The past and the future of jazz celebrated in Birmingham

The Eastside Jazz Club (artist's impression)

Projects include a research project into 1960’s jazz broadcasting and a new big band

A golden era of music television is set to be recreated at Birmingham City University, as a major new research project looking at jazz broadcasting in the 1960s gets underway.
As well as encompassing archival research and interviews with former production staff, the study will involve transforming the University’s main TV studio to simulate how a jazz programme was made. This will include scrutinising the technical decisions faced by television crews and improvising musicians at each stage of producing such a broadcast. Researchers will be working from the original BBC camera scripts in contrast with the University’s state-of-the-art facilities.
Although focused on BBC jazz programming, Dr Nicolas Pillai hopes the project will stimulate additional research on ITV’s music output; on the relationship between jazz radio and television; and on the reception of BBC jazz television in Commonwealth countries, for example.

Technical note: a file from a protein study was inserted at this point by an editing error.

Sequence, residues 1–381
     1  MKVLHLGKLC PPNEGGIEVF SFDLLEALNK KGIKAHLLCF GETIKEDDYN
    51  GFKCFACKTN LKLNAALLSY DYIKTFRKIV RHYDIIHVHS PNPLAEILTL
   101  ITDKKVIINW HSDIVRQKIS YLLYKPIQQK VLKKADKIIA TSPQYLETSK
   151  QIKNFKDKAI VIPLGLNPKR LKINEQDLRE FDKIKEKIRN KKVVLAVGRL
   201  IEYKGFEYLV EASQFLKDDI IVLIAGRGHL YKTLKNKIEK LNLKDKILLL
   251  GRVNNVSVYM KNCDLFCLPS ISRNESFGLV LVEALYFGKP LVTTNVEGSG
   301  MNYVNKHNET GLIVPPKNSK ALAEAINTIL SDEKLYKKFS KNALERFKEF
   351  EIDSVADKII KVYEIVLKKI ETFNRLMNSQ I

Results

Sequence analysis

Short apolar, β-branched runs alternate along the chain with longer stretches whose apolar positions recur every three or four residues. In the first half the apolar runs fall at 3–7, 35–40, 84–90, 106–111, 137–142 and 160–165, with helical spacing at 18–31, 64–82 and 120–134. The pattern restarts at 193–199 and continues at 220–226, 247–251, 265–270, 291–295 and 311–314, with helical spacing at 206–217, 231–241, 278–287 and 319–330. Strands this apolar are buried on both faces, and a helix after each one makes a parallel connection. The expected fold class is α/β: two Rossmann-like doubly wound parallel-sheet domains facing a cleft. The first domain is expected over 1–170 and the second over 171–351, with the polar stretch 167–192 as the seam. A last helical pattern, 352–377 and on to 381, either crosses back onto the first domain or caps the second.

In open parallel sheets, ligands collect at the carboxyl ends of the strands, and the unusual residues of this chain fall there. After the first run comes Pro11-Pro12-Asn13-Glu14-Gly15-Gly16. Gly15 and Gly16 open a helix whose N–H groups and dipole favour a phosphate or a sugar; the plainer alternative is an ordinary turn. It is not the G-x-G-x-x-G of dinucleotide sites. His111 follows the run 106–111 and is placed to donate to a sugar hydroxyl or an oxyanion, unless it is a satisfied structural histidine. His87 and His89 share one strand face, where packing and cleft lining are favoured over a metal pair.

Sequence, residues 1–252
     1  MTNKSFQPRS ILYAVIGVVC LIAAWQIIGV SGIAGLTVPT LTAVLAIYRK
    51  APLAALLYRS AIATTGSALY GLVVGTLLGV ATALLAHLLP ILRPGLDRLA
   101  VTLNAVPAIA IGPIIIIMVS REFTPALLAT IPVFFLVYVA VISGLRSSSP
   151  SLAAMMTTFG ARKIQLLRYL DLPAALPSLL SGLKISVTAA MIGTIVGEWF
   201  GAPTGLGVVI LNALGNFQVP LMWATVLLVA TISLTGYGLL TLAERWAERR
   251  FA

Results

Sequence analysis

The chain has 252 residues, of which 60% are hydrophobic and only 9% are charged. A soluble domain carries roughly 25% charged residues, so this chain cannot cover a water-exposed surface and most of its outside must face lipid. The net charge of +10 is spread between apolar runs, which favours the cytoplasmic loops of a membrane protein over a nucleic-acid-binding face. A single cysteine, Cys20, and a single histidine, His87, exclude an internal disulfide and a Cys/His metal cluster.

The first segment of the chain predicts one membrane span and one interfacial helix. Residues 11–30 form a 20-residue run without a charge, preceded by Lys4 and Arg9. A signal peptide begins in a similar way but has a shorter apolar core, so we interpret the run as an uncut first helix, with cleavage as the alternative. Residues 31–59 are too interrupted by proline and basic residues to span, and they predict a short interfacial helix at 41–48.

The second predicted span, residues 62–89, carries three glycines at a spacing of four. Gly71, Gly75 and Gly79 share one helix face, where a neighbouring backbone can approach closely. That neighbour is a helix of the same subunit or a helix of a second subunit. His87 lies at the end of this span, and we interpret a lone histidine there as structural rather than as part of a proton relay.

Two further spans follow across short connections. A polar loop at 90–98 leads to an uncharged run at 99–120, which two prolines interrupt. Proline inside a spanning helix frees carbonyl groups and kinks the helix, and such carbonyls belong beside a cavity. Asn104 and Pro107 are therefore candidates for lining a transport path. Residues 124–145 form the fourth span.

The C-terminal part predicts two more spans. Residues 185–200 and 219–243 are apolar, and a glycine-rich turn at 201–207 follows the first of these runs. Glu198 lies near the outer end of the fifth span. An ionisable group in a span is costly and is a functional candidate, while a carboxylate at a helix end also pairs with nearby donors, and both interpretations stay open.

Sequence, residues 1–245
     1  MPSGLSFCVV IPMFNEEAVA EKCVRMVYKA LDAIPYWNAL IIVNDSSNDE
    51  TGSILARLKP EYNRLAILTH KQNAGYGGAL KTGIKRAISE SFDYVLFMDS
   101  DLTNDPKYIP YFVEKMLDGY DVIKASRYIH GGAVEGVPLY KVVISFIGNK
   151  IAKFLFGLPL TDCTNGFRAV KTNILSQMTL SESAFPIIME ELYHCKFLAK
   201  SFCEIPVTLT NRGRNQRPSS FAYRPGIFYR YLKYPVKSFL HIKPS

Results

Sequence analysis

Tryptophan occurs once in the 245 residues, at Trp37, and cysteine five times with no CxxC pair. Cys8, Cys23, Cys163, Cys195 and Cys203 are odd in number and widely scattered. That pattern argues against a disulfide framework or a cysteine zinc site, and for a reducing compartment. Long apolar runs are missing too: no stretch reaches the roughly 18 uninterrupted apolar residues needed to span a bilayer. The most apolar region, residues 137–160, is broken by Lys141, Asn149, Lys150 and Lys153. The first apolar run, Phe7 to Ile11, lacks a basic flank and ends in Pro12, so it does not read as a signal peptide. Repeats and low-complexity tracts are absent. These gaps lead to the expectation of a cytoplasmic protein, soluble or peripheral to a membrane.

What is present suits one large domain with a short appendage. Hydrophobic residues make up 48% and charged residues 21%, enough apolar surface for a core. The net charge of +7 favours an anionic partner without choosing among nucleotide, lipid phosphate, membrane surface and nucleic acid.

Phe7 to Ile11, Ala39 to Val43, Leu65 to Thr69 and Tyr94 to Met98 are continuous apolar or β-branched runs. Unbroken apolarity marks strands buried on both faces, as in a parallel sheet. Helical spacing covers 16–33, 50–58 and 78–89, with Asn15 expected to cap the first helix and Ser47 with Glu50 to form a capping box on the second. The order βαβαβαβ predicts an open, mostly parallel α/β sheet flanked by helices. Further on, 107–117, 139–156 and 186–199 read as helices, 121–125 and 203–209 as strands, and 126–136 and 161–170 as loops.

The project – ‘Jazz on BBC-TV 1960-1969’ – will be facilitated by the Jazz Research cluster at Birmingham City University, which is led by Professors Nick Gebhardt and Tony Whyton.
Furthermore, Birmingham Conservatoire, part of Birmingham City University, is currently preparing to move to a new state-of-the-art £57 million home this year, which will include the city’s only permanent jazz space – Eastside Jazz Club. Earlier this month, Birmingham Conservatoire launched its big band Ellington Orchestra, who will be a regular fixture in the new club.
Professor Tim Wall, Associate Dean for Research in the Faculty of Arts, Design and Media, said:
“Birmingham City University now arguably hosts the largest jazz studies research centre in the world and, on the basis of achievements like Nicolas’, is now the source of some of the leading work in the field.”

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